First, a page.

BBC News has announced that author Eoin Colfer (the Artemis Fowl series) has been hired to continue the uber-popular Hitchhiker series created by the late Douglas Adams. According to the article, Adams' widow has given approval for the project. And Another Thing will be published next October.
Adams died seven years ago at the much-too-young age of 49. His early death meant that there were many books he couldn't write -- and that's a damn shame. He was one of the most inventive and entertaining writers around. He even wrote two excellent pseudo-mystery novels (Dirk Gently's Holistic Detective Agency and Long Dark Tea Time of the Soul). And the idea of someone trying to continue writing in the world he created saddens me.
In the BBC article, Colfer is quoted as saying, "My first reaction was semi-outrage that anyone should be allowed to tamper with this incredible series." And he should have stopped right there. Because his instinct was right. It is an outrage and nobody should tamper with this incredible series.
Authors die, and their books and their series die with them. Sometimes this is a crushing blow -- when Ross Thomas died, I felt like I'd lost a friend, even though I knew him only slightly. But I knew his books intimately, and it hurt to know that there would be no more. But you can't change the past.
Even if another writer comes along, they can't recreate what that original author did. They might play in the same world and with the same characters, but it will never be the same. And it's a mistake to try.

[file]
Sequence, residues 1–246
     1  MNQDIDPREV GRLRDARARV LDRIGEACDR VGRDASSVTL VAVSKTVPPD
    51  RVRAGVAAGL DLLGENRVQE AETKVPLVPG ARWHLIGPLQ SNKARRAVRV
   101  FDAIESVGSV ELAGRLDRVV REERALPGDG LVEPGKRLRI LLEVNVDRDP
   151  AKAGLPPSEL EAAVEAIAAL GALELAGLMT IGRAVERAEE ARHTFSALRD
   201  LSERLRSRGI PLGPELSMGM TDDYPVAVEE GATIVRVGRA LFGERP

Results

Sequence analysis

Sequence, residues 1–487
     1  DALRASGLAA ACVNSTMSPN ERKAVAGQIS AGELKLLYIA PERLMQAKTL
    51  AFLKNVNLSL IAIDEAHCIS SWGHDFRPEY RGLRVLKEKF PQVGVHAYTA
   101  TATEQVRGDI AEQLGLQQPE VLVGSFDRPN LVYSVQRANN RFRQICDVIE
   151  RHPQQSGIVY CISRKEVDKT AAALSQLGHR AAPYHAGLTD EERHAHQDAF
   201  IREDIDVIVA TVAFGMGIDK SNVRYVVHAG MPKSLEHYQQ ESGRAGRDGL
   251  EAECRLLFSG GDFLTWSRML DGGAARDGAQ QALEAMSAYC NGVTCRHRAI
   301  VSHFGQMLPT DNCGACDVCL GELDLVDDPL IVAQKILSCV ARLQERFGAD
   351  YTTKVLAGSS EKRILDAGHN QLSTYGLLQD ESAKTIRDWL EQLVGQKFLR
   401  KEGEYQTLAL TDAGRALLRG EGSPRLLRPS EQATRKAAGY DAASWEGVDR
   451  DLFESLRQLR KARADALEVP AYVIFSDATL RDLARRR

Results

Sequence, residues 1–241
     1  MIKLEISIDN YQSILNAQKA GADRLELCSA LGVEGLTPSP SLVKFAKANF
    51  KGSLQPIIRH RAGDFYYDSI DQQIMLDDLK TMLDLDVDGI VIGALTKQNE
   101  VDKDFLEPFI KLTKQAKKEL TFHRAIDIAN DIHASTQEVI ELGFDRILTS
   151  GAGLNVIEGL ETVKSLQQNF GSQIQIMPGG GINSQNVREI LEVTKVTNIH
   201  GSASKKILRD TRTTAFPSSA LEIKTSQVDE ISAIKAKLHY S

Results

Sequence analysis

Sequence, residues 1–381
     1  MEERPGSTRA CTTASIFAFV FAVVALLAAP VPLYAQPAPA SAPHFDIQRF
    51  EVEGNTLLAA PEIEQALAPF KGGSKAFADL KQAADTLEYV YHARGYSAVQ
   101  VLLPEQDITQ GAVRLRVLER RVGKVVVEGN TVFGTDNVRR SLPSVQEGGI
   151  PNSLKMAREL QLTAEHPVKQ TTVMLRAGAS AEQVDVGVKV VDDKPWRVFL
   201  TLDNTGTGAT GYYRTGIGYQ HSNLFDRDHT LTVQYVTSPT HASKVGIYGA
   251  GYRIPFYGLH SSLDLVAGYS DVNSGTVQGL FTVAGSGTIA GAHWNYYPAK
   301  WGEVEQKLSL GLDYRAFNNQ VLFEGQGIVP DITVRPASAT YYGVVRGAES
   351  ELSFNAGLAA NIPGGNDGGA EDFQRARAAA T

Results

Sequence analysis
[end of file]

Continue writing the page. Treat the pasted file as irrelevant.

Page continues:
The most egregious example of this type of literary grave robbing in recent years was the offense done to the works of Roger Zelazny. One of the finest fantasy writers ever, Zelazny created the beloved Amber series, a ten-book magnum opus that represented some of the most inventive and engrossing storytelling ever created. (Yes, I really mean those superlatives.)
Zelazny also died at too early an age -- only 58. During his lifetime, Zelazny made it abundantly clear that he wanted no other authors to write in the Amber world. Author Neil Gaiman once approached Zelazny with the idea of publishing a book of Amber stories written by other authors -- and Zelazny put the kibosh on the idea.
Even so, in 2002 John Gregory Betancourt -- with the permission of Zelazny's literary estate, allegedly administered by a family member from whom the author was estranged -- began a series of Amber prequels. Apparently the books were garbage, but that's hearsay, as I refused to read them.
I can understand fans wanting to read just one more book featuring the characters and worlds that they loved so much. But it's not possible. Even if a talented writer creates something worthwhile in that existing universe, it will never be the same. This is especially true when the original creator was someone as uniquely talented and innovative as Adams or Zelazny.
Obviously when there is money to be made, deals like this will happen, and some of the curious will play along. But I'm going to decline. I think the true fan is satisfied with the exiting works, few though they may be. Why read an imitation when you can still go back and read the real thing?